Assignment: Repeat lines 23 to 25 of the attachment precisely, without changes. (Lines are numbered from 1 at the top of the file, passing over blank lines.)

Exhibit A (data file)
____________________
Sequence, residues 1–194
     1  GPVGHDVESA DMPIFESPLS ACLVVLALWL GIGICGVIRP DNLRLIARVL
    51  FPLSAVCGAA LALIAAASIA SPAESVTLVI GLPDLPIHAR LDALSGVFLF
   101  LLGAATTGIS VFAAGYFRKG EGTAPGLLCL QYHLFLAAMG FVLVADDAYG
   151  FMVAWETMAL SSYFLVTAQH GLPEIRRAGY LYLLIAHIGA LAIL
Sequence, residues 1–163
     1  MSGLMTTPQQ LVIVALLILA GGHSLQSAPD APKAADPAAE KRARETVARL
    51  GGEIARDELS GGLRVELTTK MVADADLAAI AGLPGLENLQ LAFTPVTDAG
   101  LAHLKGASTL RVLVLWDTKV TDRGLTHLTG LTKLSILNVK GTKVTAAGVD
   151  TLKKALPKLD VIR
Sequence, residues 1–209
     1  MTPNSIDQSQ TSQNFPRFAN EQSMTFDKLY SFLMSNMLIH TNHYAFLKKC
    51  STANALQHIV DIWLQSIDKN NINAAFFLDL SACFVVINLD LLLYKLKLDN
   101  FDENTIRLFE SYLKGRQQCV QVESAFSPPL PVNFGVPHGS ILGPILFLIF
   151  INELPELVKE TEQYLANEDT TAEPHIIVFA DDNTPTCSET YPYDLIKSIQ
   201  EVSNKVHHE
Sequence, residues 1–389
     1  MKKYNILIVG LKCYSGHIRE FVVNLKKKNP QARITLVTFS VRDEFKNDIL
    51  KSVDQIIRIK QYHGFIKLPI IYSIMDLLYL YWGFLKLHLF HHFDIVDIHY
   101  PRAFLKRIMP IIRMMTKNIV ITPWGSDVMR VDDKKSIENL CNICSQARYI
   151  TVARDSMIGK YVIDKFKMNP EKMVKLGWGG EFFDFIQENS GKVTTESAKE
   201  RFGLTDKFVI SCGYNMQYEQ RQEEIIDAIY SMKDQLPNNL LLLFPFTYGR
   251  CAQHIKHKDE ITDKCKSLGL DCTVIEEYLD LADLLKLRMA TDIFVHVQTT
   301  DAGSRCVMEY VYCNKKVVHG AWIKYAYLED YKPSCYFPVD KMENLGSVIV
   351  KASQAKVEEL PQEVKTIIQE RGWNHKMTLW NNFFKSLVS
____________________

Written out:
   251  CAQHIKHKDE ITDKCKSLGL DCTVIEEYLD LADLLKLRMA TDIFVHVQTT
   301  DAGSRCVMEY VYCNKKVVHG AWIKYAYLED YKPSCYFPVD KMENLGSVIV
   351  KASQAKVEEL PQEVKTIIQE RGWNHKMTLW NNFFKSLVS